UK Prime Minister Boris Johnson and EU Commission President Ursula von der Leyen announced on 24 December that the year-long trade deal talks between London and Brussels had concluded successfully. In his address, Johnson praised the UK taking "back control of our laws and our destiny", while Ursula von der Leyen focused on the fact that the agreement was "fair, balanced and right" and expressed hope that it was a solid foundation for "a new start".
Despite the publicly positive review of the trade agreement, which Johnson described as a "comprehensive Canada-style" deal, the real implications of it for both the UK and the European bloc might not be a "win-win" as the parties to the talks described it, according to Terrence Guay, professor of international business at the Smeal College of Business at Pennsylvania State University. He suggests that it might be nothing more than a façade to compel both the UK and the EU parliaments to ratify the deal, which will otherwise be void.
A deal is better than the "no deal" option both sides were considering during the negotiations, but it may be possible that one of the sides, namely the UK, made more concessions than the other to make that deal happen, Guay notes.
Still, it is hard to say who won more in the deal before its full text is available for analysis, and it is something that Guay, and his colleague, Robert Oulds, director of the Bruges Group independent think tank, agree on. Oulds stresses that "the devil is in detail" and that the Brexit trade deal might not bring the UK what it had long sought for – sovereignty from Brussels.
"Perhaps there are some positive elements but at this point in time it is too early to tell. All we have, so far, without a proper analysis, is of course the Prime Minister’s statement […] no doubt there would be aspects that will be very reassuring for many people and will certainly keep trade open. [However,] there are prices that are paid in this deal and that essentially is that Northern Ireland is really remaining within the EU and will be following the same rules that other EU states follow", Oulds says.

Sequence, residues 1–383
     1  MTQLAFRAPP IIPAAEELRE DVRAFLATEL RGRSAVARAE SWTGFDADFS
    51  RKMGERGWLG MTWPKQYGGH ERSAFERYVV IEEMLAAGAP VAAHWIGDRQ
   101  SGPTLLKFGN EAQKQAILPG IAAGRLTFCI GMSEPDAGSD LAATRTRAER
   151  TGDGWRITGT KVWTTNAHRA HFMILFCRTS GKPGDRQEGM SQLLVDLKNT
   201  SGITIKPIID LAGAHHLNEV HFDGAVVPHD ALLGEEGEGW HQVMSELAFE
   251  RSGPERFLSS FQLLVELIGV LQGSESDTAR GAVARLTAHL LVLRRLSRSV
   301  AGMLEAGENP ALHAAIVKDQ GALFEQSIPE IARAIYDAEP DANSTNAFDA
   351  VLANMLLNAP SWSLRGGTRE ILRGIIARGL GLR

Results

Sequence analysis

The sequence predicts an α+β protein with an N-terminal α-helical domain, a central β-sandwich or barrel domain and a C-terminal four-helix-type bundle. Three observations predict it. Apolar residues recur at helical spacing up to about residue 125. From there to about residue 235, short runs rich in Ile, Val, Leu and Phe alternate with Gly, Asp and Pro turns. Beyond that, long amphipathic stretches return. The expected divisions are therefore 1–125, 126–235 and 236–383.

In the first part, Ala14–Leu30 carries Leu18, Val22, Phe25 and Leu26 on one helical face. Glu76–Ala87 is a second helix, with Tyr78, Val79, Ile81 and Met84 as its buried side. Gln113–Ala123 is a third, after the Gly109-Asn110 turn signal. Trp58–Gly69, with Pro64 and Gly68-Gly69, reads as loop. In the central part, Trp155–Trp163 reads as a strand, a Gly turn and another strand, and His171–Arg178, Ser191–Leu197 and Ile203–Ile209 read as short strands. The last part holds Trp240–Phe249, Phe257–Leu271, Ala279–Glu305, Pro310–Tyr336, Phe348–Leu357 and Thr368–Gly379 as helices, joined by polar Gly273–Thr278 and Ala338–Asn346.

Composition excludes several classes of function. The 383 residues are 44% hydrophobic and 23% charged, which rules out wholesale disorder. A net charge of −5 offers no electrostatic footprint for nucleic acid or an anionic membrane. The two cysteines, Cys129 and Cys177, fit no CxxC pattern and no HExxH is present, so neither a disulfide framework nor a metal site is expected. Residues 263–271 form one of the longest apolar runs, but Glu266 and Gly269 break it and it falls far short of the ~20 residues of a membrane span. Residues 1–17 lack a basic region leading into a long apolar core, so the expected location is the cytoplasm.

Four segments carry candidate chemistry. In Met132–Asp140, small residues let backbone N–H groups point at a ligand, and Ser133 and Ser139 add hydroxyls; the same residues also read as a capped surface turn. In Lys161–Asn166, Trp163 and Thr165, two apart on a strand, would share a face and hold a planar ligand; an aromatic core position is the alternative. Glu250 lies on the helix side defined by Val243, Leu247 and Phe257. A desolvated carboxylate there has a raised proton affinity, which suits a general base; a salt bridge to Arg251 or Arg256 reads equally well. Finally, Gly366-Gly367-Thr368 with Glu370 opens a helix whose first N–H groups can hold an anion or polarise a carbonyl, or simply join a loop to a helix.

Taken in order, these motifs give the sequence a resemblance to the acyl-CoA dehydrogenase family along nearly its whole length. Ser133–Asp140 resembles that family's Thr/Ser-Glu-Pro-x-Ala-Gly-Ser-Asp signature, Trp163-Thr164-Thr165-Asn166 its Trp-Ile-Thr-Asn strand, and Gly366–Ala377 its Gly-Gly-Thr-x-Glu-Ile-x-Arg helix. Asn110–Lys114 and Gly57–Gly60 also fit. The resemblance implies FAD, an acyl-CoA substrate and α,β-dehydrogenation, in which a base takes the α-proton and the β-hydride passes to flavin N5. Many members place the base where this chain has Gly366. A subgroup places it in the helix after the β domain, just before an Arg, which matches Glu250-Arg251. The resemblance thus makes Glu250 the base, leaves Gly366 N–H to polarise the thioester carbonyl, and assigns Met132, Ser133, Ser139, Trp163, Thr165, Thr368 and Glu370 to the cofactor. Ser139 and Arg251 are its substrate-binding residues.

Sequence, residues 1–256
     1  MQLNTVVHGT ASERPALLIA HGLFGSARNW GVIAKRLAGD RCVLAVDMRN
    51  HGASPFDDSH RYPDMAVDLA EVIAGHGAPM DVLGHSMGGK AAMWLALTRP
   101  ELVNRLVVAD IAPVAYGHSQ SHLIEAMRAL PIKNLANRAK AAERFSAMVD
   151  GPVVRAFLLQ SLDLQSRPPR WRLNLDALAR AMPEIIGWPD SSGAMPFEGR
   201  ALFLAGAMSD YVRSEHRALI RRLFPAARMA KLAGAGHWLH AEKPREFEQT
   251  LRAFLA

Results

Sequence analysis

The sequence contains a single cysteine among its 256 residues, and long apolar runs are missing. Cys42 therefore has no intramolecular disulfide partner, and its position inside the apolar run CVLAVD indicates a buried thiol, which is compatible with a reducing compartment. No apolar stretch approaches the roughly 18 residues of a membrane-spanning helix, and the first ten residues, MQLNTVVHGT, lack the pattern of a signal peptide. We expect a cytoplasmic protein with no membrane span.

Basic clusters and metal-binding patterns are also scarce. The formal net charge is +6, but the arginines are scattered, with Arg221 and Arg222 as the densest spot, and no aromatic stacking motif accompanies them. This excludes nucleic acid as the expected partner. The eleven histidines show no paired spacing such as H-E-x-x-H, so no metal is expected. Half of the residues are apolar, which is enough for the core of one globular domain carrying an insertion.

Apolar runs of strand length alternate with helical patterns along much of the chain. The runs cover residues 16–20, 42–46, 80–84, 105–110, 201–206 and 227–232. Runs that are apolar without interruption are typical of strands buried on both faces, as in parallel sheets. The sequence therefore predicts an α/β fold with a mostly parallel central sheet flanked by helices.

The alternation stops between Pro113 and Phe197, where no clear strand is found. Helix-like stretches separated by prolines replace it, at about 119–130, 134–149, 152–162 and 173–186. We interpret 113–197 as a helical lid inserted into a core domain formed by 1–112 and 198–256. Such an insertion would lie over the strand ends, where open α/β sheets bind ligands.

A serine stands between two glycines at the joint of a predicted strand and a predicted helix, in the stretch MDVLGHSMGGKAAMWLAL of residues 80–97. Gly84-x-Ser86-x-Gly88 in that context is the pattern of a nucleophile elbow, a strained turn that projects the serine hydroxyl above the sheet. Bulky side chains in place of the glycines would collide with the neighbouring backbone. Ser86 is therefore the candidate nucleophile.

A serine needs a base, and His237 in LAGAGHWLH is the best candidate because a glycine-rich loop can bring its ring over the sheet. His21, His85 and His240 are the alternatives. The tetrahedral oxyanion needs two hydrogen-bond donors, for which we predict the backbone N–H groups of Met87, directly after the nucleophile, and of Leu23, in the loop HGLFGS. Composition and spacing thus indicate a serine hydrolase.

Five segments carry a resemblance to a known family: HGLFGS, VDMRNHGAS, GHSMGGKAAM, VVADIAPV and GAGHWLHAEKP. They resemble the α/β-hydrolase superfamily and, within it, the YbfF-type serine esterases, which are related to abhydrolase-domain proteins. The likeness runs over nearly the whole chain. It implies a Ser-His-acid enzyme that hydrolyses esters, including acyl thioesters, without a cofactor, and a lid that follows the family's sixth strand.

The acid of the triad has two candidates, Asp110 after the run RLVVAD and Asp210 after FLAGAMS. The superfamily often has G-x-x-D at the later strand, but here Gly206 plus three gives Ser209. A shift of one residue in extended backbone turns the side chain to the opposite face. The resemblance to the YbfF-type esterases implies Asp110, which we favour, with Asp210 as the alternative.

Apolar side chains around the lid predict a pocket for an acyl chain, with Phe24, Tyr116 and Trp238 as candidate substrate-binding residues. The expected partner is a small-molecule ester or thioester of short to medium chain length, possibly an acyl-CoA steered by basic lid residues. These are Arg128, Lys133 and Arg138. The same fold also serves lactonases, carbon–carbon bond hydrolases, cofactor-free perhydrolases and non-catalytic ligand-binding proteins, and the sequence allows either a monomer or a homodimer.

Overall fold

Northern Ireland's status as part of the trade deal leaves the question about the "territorial integrity of the UK" unresolved, which will thus be undermined, the director of the Bruges Group indicates. But at the same time, he sees the trade deal as a victory for London in any case, as it frees the UK from all EU-related liabilities.
Oulds stresses that London paid a lot for the bailouts of other EU members and predicts that another "crash" might be upon the bloc in the near future. However, this time UK taxpayers will not be paying for the EU's "bail-out schemes", he adds.
Did UK Win or Concede on Issues That Hampered Trade Deal Talks?
The outcome of the trade deal negotiations seemingly indicates that the UK made more concessions than the EU on the matters that hampered the talks for most of the year, Professor Terrence Guay says. He indicates that despite being free to regulate its domestic market as it pleases, London will still not be able to stray far away from the EU's regulations in order to uphold a level playing field, because otherwise Brussels will be free to impose tariffs on British goods. He also stresses that the EU's right to keep 1/3 of the fish caught in British waters for the next five years is a far-cry from what Boris Johnson had sought in the talks.
The EU could previously keep as much as half of the fish caught in the UK's EEZ, but the British prime minister still expressed contempt for the deal struck on fisheries with Brussels, to the point of wearing a fish-themed tie during his address to the nation.
The contrast between the press conferences was so depressing. Von der Leyen and Barnier all statesmanlike and sorry it had come to this. Johnson, well, just Johnson. The polar opposite. Wearing a fish tie and making jokes about sprouts.— Ned Go Grey (@gazza647) December 24, 2020
While Guay suggests that Johnson was under a lot of pressure to conclude the year with successful Brexit trade deal talks and was therefore "desperate" to strike an agreement, his colleague, Robert Oulds, believes the UK prime minister simply really strived to avoid a "no deal" scenario.
"I'm not sure Boris Johnson fought particularly hard against the European Union. He was actually sort of working very much with them and trying to curry favour with Brussels and other European Union leaders […] he really did show that he was the one who wanted a deal, would be willing to adapt to - in some way at least - to what the European Union wanted", Oulds said.
The resulting compromises, which seemingly gave the EU what it wanted, was a direct result of Johnson sincerely seeking to reach a deal with the bloc, the think tank director sums up, adding that the final judgement in regards to the trade agreement should be made once all of its details have been revealed to the public.
The views and opinions expressed in the article do not necessarily reflect those of Sputnik.